Full Review

Trader Joe’s

Trader Joe’s
Tennessee Whiskey

Category: Tennessee Whiskey

Date Tasted:
Country: USA
Alcohol: 40%
Bronze Medal
Recommended
$13.99

Trader Joe’s
Tennessee Whiskey

Category: Tennessee Whiskey

Date Tasted:
Country: USA
Alcohol: 40%
Dark amber color. Aromas of butterscotch, green apple, margarine, and darkly caramelized pineapple with a round, crisp, dry full body and a peppery, short-to-medium black pepper and dried cherries finish. A dense and spicy Tennessee whiskey for cocktails.

Tasting Info

Spirits Glass Style: Spicy
Aroma Aroma: butterscotch, green apple, margarine, and darkly caramelized pineapple
Taste Flavor: black pepper and dried cherries
Smoothness Smoothness: Peppery
Enjoy Enjoy: in cocktails
Cocktail Cocktails: Sazerac, Old Fashioned, Manhattan
Bottom Line Bottom Line: A dense and spicy Tennessee whiskey for cocktails.

The Producer or Importer

Distiller Sales Company

The Producer or  Importer
500 Washington Ave S, Suite 1000
Minneapolis, MN 55415
USA
1 612-436-2626

Their Portfolio

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Tennessee Whiskey

Spirits Glass Glencairn Canadian Amber.jpg
Serve in a Glencairn Ganadian Whisky Glass
Tennessee Whisky must contain a minimum of 51% corn, be produced in Tennessee, be distilled at less than 80% ABV (160 proof), filtered through a bed of sugar maple charcoal, and be aged for a minimum of two years in new charred barrels.

The Taste: The taste descriptors for Tennessee whisky tend to parallel those of its Kentucky cousin. The distinction and the difference comes on the finish which is long, clean, and very, very smooth—a result of the final sugar maple charcoal filtration. Legally, Tennessee whiskeys could be sold as Bourbon; but the two Volunteer State distillers are proud enough of their “sipping whisky” to insist that the difference be known to all.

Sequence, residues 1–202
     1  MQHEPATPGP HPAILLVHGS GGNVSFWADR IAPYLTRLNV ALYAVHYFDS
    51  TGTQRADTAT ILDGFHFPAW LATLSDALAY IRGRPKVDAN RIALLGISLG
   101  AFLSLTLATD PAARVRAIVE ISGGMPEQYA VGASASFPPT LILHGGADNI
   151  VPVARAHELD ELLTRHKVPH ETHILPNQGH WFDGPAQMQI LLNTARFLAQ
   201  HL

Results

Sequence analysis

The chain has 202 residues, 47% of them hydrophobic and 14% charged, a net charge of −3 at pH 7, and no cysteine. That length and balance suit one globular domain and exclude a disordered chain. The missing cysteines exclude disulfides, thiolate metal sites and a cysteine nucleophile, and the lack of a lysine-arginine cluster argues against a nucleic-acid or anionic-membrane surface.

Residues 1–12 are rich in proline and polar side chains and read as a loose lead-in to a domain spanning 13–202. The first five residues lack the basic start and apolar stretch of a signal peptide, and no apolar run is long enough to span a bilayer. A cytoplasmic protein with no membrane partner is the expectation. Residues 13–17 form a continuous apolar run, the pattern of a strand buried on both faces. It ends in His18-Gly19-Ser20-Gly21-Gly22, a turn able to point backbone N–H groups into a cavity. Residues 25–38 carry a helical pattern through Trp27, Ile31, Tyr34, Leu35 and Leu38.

Tennessee whiskey is a first cousin of Bourbon, with virtually an identical history. The same sort of people used the same sort of grains and the same sort of production techniques to produce a style of whiskey that, remarkably, is noticeably different. The early whiskey distillers in Tennessee, for reasons that are lost in the mists of history, added a final step to their production process when they began filtering their whiskey through thick beds of sugar maple charcoal. This filtration removes some of the congeners (flavor elements) in the spirit and creates a smooth, mellow palate. The two remaining distillers in the state continue this tradition, which a distiller at the Jack Daniel’s Distillery once described as being "same church, different pew."

Best Buys for
Tennessee Whiskey